According to a recent study published by the American Academy of Allergy, Asthma and Immunology, penicillin allergies may not be as prevalent as once believed. Texas residents may find that they may not be allergic to penicillin; therefore, they might have been able to take the drug at times when they didn’t think they could.

Penicillin is the most common drug to which people report allergies; however, self-reports are usually given verbally and are not always accurate. Out of 38 participants in the study, more than 90% were proven to have no allergy to the drug.

When patients self-report a penicillin allergy, doctors may prescribe alternate medications that may not be as effective as penicillin. In some cases, those who take alternate medications may experience slower recoveries. For example, pregnant women may have longer hospital stays as well as a greater likelihood of cesarean sections and higher frequencies of adverse reactions to alternate medications. However, if patients are tested for penicillin allergies, these risks may go down significantly.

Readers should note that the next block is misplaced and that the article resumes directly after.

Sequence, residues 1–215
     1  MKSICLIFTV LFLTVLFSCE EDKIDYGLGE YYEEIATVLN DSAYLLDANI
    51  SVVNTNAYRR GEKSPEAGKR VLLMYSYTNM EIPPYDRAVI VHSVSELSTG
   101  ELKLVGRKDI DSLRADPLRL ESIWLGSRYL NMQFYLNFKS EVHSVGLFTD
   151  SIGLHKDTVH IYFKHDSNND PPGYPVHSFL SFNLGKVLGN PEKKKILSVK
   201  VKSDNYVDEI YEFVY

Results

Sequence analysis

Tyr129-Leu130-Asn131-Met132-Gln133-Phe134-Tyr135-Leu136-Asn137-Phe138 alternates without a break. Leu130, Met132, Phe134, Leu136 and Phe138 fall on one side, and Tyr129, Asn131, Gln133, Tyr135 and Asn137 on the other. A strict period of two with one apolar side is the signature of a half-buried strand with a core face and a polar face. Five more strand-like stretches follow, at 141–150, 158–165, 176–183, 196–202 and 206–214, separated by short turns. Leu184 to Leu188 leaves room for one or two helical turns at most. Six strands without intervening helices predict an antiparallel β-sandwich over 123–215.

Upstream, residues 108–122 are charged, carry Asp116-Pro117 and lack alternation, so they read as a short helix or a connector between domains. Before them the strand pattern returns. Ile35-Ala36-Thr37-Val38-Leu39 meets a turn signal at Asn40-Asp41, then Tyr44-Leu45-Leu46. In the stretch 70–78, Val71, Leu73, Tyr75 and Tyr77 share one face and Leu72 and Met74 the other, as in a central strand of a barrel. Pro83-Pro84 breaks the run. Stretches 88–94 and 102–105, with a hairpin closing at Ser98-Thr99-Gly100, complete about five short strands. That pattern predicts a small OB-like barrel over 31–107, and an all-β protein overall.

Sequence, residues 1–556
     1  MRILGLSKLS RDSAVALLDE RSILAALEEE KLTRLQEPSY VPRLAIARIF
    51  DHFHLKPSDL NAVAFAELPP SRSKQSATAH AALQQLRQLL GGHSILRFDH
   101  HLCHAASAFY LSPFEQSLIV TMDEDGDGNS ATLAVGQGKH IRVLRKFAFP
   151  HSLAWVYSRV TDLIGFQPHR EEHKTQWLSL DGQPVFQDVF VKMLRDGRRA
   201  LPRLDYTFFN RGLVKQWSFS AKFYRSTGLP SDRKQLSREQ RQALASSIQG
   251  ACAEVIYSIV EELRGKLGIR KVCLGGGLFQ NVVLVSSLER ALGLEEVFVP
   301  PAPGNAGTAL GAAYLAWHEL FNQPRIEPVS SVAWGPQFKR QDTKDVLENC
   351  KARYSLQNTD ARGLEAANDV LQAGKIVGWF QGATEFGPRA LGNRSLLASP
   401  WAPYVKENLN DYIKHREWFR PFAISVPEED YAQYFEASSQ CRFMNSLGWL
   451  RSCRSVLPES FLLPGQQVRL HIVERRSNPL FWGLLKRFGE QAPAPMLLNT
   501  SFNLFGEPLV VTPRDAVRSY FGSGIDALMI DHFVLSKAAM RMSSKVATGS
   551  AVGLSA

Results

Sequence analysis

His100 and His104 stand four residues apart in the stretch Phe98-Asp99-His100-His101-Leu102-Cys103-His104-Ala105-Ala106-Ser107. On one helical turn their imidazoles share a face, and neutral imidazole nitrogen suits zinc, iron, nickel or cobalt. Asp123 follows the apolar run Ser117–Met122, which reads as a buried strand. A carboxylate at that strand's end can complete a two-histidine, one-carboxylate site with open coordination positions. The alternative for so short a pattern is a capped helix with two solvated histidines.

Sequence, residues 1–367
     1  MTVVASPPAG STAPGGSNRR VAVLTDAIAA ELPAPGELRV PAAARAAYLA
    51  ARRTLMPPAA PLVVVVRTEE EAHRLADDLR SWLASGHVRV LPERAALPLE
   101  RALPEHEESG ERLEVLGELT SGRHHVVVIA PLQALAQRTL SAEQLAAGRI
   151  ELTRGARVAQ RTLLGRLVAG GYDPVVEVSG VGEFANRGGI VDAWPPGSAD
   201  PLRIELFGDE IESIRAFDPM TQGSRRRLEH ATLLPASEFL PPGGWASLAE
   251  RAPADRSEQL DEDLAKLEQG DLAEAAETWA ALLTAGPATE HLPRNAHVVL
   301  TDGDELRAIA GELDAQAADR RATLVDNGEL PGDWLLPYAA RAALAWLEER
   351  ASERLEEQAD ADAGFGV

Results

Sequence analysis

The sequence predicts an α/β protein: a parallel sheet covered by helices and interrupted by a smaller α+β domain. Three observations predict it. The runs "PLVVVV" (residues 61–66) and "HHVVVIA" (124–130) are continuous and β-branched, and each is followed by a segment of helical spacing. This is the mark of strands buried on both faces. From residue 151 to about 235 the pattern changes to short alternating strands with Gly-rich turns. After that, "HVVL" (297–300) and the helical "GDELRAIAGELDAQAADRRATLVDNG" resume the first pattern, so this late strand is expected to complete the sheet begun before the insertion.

Unfortunately, those who have reactions to penicillin in adolescence may still report the allergy even if they might have outgrown it. Also, the allergy that they report may not classify as a true allergy. For example, certain antibiotics and viruses may cause what could appear to be an allergic reaction; however, it may only be a one-time occurrence. Meanwhile, doctors prescribe alternative medications, including broad-spectrum antibiotics that may prove to be less effective and may even cause further complications.

People who have experienced adverse reactions to medications may find themselves in life-altering situations, including being unable to work or provide for their families. Those who have had extreme allergic reactions or intense side effects from a prescription medication error might benefit from consulting a medical malpractice attorney who may offer insight toward achieving a favorable resolution.